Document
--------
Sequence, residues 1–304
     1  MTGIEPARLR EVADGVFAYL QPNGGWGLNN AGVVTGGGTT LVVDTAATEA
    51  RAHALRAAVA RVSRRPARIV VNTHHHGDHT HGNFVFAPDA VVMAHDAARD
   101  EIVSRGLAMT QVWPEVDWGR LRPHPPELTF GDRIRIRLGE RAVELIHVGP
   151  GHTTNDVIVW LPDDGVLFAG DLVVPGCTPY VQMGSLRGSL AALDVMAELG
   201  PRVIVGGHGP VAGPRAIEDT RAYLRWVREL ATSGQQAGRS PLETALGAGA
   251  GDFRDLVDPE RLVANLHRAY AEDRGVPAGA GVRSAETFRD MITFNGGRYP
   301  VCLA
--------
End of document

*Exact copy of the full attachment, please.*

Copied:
Sequence, residues 1–304
     1  MTGIEPARLR EVADGVFAYL QPNGGWGLNN AGVVTGGGTT LVVDTAATEA
    51  RAHALRAAVA RVSRRPARIV VNTHHHGDHT HGNFVFAPDA VVMAHDAARD
   101  EIVSRGLAMT QVWPEVDWGR LRPHPPELTF GDRIRIRLGE RAVELIHVGP
   151  GHTTNDVIVW LPDDGVLFAG DLVVPGCTPY VQMGSLRGSL AALDVMAELG
   201  PRVIVGGHGP VAGPRAIEDT RAYLRWVREL ATSGQQAGRS PLETALGAGA
   251  GDFRDLVDPE RLVANLHRAY AEDRGVPAGA GVRSAETFRD MITFNGGRYP
   301  VCLA